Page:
Saturday, December 3, 2016
Christmas 2016: December 3
National Lampoon’s Christmas Vacation (1989)
Last December, I reviewed “A Christmas Story.” That’s the ultimate example of a Christmas movie that was trashed by critics in theaters but, through repetitive cable showings, has developed the reputation of a holiday classic. (Despite it, you know, not being very good.) The same pattern would transform “National Lampoon’s Christmas Vacation” – initially dismissed as another lackluster entry in an underachieving franchise – into a seasonal favorite. Its TV screening are so popular, it would spawn a direct-to-NBC sequel. Once again, I’ve somehow missed seeing the film before now. I’ve never actually seen any of the “Vacation” movies.
As the Christmas season arrives, the Griswald family is gripped by stress. Their house is crowded with distant relatives, all of whom delight in making the family miserable. More family members stop by, each new one more unpleasant then the last. Clark, the patriarch, is worried that his Christmas bonus has yet to arrive. The lights won’t light. The Christmas dinner is overcooked. The tree is burned to the ground. Everything goes wrong. With the Griswald clan ever be able to find the true meaning of the season, in all this chaos? Take a guess.
A lot of people find “Christmas Vacation” hilarious. Personally, many of its gags strike me as grating. Some of the bits are utterly cartoonish. The tree exploding through the window, the opening car chase, Clark’s supersonic sled ride, the dehydrated turkey, the electrocuted cat, a rogue squirrel… It’s all so mean-spirited, so ugly. Many of the characters are similarly off-putting. Clark’s stepparents are hateful and spiteful. Uncle Eddie is a white trash grotesquery, who pumps shit into the sewer in one scene. (Credit were its due: Randy Quade’s performance is suitably unhinged.) A deeply senile grand-aunt has no idea where she is or what day it is, which seems more sad then funny. The film’s most mean-spirited gags are visited upon Clark’s neighbors. Though rich and slightly smug, they do nothing to deserve the constant punishment the script doles out to them.
I guess I just don’t get it, you guys. Maybe if I had watched it as a kid, allowing a cloud of nostalgia to float over the film, I would like it more. Or maybe “Christmas Vacation” is nowhere near as funny as people claim it is. I’m certainly not going to pick up any moose shaped glasses. (Which only appeared in one scene, by the way.) I probably won’t even check out the other “Vacation” movies, since this one did so little for me. I definitely won’t watch the Cousin Eddie starring sequel, which is disliked even by fans of this one. Others can celebrate the season however they please. My celebration won’t include dead cats and senile old ladies. [5/10]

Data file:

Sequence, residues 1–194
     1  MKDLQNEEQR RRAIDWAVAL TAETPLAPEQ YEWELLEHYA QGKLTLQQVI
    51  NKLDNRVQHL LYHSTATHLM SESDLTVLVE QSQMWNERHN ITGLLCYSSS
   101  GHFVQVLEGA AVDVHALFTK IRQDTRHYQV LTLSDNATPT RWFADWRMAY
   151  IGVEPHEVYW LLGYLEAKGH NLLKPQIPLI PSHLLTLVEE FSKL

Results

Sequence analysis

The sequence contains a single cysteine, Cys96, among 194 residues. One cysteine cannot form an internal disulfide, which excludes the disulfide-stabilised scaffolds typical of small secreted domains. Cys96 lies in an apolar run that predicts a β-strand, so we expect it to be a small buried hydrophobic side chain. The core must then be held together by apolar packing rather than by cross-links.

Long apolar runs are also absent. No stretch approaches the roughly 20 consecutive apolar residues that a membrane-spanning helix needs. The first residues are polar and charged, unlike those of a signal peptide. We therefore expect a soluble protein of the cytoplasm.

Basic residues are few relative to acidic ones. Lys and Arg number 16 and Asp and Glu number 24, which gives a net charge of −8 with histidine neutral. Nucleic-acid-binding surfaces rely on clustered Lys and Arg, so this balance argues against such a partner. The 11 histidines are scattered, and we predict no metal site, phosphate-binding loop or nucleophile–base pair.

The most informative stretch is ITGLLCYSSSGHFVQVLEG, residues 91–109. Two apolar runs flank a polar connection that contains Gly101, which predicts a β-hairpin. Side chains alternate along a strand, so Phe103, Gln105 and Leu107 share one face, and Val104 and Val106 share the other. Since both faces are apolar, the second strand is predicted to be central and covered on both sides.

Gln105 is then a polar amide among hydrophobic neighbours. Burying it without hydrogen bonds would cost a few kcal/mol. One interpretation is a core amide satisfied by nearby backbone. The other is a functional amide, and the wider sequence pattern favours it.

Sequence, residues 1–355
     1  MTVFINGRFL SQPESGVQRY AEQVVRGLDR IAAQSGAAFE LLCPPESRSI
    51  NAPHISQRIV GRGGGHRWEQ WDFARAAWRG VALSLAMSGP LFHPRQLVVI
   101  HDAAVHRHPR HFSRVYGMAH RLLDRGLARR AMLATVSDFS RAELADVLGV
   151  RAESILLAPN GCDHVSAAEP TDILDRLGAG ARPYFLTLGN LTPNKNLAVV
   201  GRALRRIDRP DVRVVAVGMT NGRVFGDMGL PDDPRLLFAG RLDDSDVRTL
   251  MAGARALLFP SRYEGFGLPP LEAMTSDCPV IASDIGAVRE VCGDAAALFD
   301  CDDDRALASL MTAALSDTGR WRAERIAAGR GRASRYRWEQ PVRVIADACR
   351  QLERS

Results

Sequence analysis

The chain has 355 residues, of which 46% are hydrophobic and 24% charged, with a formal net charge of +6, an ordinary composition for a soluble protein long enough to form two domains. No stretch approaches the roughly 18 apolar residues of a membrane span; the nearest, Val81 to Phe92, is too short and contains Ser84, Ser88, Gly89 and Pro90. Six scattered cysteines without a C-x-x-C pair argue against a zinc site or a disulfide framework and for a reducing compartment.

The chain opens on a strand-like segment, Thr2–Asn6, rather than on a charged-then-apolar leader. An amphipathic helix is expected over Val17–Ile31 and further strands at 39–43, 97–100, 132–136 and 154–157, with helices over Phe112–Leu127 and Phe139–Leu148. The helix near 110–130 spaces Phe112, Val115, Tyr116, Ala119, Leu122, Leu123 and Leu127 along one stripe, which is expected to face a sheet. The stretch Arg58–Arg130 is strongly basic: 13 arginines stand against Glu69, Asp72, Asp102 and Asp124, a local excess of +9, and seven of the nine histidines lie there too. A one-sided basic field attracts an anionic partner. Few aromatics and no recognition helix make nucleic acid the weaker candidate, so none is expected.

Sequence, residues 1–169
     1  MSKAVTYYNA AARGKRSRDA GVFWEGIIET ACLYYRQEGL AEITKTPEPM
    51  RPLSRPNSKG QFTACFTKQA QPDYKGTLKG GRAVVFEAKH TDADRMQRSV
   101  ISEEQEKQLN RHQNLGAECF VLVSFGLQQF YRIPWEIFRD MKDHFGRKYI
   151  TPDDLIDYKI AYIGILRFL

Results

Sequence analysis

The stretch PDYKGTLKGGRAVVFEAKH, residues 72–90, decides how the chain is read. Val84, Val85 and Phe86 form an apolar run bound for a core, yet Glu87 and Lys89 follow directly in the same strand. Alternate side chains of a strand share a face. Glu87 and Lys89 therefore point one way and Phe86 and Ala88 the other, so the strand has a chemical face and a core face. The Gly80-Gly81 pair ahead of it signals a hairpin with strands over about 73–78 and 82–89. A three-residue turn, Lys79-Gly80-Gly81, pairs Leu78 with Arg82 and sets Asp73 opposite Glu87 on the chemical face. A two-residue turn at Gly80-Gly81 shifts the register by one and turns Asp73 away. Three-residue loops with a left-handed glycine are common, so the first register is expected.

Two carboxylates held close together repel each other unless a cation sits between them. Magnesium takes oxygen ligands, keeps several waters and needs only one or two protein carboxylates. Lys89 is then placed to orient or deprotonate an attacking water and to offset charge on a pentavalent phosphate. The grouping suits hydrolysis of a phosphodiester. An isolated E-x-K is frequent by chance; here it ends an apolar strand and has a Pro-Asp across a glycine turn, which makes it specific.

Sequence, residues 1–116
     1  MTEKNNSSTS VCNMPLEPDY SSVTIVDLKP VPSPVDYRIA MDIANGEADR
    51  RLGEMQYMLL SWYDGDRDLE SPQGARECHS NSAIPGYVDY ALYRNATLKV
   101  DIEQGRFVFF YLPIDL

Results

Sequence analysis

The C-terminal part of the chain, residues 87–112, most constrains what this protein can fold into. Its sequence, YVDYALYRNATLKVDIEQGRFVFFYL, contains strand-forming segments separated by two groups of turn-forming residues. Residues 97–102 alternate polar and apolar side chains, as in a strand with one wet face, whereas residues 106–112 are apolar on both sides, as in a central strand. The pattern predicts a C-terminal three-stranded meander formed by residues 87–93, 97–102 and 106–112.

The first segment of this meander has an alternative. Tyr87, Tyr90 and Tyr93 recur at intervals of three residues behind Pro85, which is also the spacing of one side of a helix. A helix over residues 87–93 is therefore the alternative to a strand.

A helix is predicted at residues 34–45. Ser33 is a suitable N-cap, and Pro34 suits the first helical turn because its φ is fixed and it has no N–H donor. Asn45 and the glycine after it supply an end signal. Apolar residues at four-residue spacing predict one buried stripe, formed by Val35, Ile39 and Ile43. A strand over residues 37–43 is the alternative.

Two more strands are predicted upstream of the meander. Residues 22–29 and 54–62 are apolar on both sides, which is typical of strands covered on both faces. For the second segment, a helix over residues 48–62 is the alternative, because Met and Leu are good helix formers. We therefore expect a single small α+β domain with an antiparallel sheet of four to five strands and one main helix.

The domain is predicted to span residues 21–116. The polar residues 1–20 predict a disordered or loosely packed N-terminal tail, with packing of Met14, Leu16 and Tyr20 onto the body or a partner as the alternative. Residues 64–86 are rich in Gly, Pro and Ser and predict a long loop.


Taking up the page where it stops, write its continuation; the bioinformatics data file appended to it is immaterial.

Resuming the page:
The Night of the Meek
“The Twilight Zone” is probably not the first TV show you’d expect to have a Christmas episode. The series usually specialized in deeply ironic and usually cynical morality plays, with supernatural trappings. Yet it appears Rod Serling had a soft spot for December 25th. “The Night of the Meek” concerns Henry Corwin, a mall Santa Claus who loves to drink a little too much. He drowns his sorrows because he can’t stand how greedy the holiday makes people. After getting kicked out of his latest job, he comes upon a bag in the streets. Inside is the perfect gift for everyone. Corwin walks through the impoverished streets in his Santa suit, handing out presents to everyone he meets.
On paper, “The Night of the Meek” probably sounds awfully maudlin. The main character outright states the episode’s themes, of giving to those who need it the most. His enemies forgive him after receiving presents. After emptying his bag, Corwin realizes the best gift of all has been saved for him: The gift of giving. In one of Serling’s patented twist, the final minutes see the drunkard literary becoming Santa Claus. What elevates the material is a genuinely sincere streak. The darkness of the holiday is acknowledge, in Corwin’s drinking and the poor families living on the streets. Everyone receives what they most desire, regardless of how they treated the main character. The spirit of forgiveness and charity informs the entire episode. This is carried over to the conclusion, which stays carefully on the other side of being too mawkish.